The U.S. criminal-legal system is a stain on our democracy. Centered around criminalization and punishment, rather than acknowledging and addressing the underlying reasons for most crime, the current system is failing to keep people safe while tearing far too many communities apart—especially the Black and brown low-income communities disproportionately harmed by these practices.
The goal of the Civil Rights Corps Policy Department is to help policymakers and advocates end these injustices. Our work includes efforts to end unconstitutional wealth-based detention, support bail reform that maximizes pretrial liberty, address fines and fees policies that serve to criminalize poverty, end debt-based driver’s license suspension, eliminate racial disparities in these and related carceral systems, and otherwise work to dismantle criminal-legal injustice.
The following campaigns represent a sampling of our Dismantling Criminal-Legal Injustice Project initiatives. Please contact us for additional information, questions, or a summary of campaigns not listed here.
In 2019, over 100 ideologically diverse organizations launched Free to Drive: a coalition united by the belief that restrictions on driving privileges should be reserved for dangerous driving, not to coerce debt payment or to punish people who miss a court appearance. In the last five years, 22 states and D.C. have passed reforms to curb debt-based driving restrictions. The Free to Drive campaign unites legal, policy, advocacy, businesses, grassroots, and research organizations committed to the principle that restrictions on driving privileges should only be used for dangerous driving — not to coerce debt payment or to punish those who miss a traffic hearing.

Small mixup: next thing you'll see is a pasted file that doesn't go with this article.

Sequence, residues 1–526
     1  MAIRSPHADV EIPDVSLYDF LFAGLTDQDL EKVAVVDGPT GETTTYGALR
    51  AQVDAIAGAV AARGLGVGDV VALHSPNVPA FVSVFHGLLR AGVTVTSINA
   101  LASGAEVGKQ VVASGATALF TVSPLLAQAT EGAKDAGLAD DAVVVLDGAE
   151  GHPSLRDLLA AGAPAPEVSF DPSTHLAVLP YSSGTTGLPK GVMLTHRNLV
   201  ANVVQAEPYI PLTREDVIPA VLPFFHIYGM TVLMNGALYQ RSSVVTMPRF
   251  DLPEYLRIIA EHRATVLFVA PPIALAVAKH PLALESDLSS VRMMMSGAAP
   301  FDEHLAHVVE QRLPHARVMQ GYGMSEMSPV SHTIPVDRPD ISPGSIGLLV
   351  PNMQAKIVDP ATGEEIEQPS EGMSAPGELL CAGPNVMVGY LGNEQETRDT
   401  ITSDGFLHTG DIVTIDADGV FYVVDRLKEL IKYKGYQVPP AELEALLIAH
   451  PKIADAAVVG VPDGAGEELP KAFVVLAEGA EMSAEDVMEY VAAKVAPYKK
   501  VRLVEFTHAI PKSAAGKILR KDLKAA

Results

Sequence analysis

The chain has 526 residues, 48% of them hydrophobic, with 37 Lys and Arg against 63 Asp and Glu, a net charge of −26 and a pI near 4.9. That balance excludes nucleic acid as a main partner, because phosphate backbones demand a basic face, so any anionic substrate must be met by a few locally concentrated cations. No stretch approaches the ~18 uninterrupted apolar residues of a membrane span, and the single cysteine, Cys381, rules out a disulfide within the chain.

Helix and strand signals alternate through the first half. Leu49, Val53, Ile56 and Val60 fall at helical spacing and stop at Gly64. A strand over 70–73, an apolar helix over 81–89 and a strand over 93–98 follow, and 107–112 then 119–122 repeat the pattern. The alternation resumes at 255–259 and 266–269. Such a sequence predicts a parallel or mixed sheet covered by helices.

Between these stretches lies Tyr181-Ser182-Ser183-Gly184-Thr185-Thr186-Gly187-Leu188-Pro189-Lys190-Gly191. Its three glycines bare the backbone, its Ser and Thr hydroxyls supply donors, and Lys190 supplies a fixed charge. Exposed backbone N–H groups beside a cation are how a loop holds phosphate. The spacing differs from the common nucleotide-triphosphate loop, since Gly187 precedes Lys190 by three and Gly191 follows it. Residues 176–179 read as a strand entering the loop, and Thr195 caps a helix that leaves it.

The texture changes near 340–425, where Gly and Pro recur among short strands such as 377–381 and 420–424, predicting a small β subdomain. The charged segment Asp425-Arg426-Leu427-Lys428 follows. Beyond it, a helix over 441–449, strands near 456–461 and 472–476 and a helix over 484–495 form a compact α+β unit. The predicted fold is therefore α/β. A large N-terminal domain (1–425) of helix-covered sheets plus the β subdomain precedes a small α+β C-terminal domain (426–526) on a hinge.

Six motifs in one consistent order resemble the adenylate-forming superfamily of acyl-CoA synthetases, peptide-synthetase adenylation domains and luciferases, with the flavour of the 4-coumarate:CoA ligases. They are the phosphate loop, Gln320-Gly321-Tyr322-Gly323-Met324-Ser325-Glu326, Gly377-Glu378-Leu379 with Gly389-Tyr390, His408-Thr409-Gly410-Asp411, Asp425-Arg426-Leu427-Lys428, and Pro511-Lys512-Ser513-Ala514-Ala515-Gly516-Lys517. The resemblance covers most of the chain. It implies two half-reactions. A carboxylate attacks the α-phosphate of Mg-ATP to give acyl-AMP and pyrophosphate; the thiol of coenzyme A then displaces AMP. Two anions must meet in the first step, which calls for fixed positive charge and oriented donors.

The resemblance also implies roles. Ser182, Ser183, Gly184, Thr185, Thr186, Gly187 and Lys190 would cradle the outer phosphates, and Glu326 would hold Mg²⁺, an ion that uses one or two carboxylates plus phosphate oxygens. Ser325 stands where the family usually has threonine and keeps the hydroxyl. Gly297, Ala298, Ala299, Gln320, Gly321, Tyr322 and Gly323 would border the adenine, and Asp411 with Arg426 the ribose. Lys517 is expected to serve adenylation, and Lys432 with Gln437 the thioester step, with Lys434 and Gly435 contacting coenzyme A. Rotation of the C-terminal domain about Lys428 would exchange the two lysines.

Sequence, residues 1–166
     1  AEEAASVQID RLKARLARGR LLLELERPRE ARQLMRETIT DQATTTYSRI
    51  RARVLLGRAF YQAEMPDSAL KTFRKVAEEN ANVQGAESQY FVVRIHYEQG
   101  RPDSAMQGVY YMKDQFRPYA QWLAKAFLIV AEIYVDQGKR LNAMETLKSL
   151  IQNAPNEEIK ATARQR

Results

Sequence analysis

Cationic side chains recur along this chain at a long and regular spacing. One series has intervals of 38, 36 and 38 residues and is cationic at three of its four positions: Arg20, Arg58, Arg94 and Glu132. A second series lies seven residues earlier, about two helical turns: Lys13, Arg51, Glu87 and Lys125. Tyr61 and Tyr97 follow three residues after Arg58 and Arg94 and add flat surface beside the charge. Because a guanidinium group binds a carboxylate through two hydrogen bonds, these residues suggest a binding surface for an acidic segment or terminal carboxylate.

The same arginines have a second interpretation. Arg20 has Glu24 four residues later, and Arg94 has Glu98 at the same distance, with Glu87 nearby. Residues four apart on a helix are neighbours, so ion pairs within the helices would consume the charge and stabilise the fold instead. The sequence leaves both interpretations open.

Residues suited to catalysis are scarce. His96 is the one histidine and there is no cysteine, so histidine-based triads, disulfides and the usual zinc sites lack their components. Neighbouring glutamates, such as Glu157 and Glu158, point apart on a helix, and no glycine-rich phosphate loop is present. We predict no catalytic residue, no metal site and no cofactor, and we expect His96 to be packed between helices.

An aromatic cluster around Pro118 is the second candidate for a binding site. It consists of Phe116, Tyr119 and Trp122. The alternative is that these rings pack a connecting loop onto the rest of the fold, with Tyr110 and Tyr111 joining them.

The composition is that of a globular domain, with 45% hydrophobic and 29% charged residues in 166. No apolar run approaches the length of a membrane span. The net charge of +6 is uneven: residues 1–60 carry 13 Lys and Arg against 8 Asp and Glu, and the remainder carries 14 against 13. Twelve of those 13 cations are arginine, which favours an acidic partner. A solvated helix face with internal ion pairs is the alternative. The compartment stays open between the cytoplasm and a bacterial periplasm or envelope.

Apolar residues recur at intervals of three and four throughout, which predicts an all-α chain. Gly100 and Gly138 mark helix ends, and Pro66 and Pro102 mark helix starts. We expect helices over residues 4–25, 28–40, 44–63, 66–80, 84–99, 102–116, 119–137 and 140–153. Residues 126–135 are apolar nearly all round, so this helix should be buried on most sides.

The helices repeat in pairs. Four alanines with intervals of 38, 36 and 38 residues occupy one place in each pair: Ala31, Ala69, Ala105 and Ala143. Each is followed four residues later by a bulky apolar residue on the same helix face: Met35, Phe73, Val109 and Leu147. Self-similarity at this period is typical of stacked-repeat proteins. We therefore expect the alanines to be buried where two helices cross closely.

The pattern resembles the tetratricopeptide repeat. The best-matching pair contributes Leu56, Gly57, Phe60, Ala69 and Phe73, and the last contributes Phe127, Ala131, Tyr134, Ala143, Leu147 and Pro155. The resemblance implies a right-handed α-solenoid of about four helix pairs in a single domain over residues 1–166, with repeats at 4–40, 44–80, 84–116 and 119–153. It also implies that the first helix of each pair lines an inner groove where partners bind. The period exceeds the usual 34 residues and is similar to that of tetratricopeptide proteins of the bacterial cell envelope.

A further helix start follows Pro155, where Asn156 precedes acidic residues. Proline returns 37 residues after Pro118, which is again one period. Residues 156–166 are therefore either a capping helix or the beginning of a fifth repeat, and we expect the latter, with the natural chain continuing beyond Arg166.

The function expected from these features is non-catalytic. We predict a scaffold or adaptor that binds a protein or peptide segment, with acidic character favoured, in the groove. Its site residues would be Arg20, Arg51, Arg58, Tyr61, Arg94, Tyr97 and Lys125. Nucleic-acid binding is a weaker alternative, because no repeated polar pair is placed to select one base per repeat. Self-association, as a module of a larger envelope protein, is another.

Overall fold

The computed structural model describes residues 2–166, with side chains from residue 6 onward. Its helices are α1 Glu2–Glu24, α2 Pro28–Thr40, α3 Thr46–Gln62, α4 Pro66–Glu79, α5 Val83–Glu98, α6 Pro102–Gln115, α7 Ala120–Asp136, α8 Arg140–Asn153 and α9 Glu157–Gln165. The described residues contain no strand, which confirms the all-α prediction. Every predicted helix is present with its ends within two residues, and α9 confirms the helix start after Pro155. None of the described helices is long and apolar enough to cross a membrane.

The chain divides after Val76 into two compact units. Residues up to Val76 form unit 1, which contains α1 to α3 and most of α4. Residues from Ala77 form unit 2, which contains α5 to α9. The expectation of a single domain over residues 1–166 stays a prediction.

In 2019, The Leadership Conference on Civil and Human Rights, Civil Rights Corps, and 120 other organizations nationwide came together to envision a new, non-carceral paradigm for public safety that respects the humanity, dignity, and human rights of all people. As a community, we proposed a holistic framework that expands our view of public safety, prioritizing prevention-oriented investments in non-carceral programs and social services—not jails, prison, and policing—to keep people safe.
Today, this work continues through a robust campaign that seeks to turn this shared vision into a political reality.
The following information represents a sampling of our Community Safety Project initiatives. Please contact us for additional information, questions, or a summary of campaigns not listed here.
Advancing Pretrial Justice
Ending the Criminalization of Poverty
Stopping Prosecutorial Misconduct & Predatory Diversion
Ending Financial Barriers to Voting